Monday, February 26, 2024

Politics Las Vegas Style


Politics Las Vegas Style

Peter Schultz


            Sally Denton and Roger Morris, in their excellent book, The Money and the Power: The Making of Las Vegas and Its Hold on America, quote the Kefauver committee report’s conclusions about organized crime in Las Vegas and the US, to wit: There is an “alliance of gamblers, gangsters, and government” that used “high sums of cash … to control political action….” In states where gambling was legal, “there is no weapon which can be used to keep gamblers and their money out of politics.” Such alliances eventually would become “the essence of American politics” nationally with “casino conglomerates” dealing with governments “like a sovereign power, able to dictate public policies….” [115] So, gangsters and gamblers, given their wealth, would take over politics in the United States and, perhaps, even beyond them.


            Implicitly this means, according to the Kefauver committee, that gambling, both legal and illegal, threaten to or actually undermine democratic government in the United States. So, alliances of gangsters, gamblers, and politicians should be eliminated or controlled, starting with the end of legalized gambling, which conveys “a cloak of respectability” on these essentially “racketeers.”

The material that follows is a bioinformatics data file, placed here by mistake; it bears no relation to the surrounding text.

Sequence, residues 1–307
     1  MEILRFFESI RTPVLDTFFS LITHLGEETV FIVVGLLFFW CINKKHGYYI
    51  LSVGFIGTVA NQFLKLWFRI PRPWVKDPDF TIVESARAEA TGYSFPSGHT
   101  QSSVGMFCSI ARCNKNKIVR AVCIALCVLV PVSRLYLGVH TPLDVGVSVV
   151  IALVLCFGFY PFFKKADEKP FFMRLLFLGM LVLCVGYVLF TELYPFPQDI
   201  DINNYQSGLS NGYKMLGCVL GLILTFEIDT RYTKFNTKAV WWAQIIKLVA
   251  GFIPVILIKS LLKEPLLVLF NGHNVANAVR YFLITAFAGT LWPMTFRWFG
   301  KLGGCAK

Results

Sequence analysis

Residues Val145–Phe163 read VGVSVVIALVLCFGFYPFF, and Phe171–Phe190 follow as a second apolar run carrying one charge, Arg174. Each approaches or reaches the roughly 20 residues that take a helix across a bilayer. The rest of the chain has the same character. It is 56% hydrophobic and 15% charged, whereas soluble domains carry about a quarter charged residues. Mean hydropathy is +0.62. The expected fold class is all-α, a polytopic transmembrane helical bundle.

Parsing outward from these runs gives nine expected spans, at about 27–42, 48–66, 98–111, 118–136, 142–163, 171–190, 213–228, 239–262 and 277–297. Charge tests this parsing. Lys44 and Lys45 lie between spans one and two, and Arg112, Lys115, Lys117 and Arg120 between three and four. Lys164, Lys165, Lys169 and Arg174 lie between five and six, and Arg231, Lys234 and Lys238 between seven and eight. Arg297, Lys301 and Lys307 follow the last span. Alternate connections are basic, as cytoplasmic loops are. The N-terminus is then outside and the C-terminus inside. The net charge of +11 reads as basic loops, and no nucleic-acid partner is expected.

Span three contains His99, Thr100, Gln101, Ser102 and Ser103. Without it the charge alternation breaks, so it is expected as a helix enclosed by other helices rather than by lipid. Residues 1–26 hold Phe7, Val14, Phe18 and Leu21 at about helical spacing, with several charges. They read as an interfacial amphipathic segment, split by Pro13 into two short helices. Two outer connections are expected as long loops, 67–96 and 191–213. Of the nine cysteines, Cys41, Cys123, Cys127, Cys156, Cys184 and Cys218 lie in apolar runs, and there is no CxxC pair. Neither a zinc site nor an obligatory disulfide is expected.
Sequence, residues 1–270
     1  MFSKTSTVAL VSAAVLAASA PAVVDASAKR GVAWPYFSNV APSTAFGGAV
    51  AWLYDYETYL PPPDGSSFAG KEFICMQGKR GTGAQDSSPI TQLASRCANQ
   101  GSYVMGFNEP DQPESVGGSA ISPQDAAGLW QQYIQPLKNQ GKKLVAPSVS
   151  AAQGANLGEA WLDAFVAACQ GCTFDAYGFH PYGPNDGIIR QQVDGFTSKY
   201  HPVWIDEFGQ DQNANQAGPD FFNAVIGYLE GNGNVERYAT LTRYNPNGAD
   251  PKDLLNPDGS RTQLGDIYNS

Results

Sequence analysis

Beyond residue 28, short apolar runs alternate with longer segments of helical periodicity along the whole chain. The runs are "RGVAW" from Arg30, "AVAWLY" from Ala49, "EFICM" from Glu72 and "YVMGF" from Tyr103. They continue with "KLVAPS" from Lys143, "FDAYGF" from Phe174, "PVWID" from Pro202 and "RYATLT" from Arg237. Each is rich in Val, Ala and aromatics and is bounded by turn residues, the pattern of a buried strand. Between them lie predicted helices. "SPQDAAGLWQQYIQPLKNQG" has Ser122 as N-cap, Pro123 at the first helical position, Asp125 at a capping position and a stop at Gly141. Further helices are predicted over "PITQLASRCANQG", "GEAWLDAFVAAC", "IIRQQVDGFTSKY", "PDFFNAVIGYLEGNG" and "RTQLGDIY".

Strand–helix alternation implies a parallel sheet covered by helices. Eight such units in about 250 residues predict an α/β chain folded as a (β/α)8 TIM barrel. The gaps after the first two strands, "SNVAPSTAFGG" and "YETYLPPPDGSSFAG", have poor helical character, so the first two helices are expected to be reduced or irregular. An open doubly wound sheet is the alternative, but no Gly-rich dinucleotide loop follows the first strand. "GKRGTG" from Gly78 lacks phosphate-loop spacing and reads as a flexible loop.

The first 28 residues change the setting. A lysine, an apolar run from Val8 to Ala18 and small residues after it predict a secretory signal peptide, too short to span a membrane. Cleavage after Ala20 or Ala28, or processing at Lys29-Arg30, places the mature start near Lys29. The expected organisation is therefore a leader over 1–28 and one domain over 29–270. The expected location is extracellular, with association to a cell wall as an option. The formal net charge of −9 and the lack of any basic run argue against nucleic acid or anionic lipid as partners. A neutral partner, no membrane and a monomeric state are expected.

But is gambling and the organized criminal enterprises that arise in its wake the problem? Or is something else going on here?


            Alliances require common or shared goals, necessarily. Allies thus collude to reach their goals, so collusion is endemic to alliances, and we should ask what goal or goals do gangsters, gamblers, and politicians seek. One answer is “respectability,” or as Denton and Morris put it, “new likeness[es] and legitimacy.” It is the desire for respectability that drives gangsters, gamblers, and politicians, that explains their collusive behavior, their alliances.


            As is well-known and as Denton, Morris, and others have pointed out, gangsters began during Prohibition as “bootleggers” or, more generally, as “racketeers.” Then they became gamblers, e.g., as owners of casinos, which is of course how Las Vegas became the Las Vegas as we know it. From there, the gangsters became “investors” in all kinds of legitimate businesses; that is, they became capitalists traveling “the surprisingly short passage from racketeer to capitalist, becoming … Las Vegas’s revered benefactors.” [113] Capitalism, understood as respectability, not gambling or racketeering, corrupts or compromises democratic government and politics in the United States. Capitalism makes available “a cloak of respectability” to gangsters, gamblers, and politicians. The requirements to obtain this cloak are money, the more the better, and a willingness to abide by codes of conduct that are considered the essence of respectability.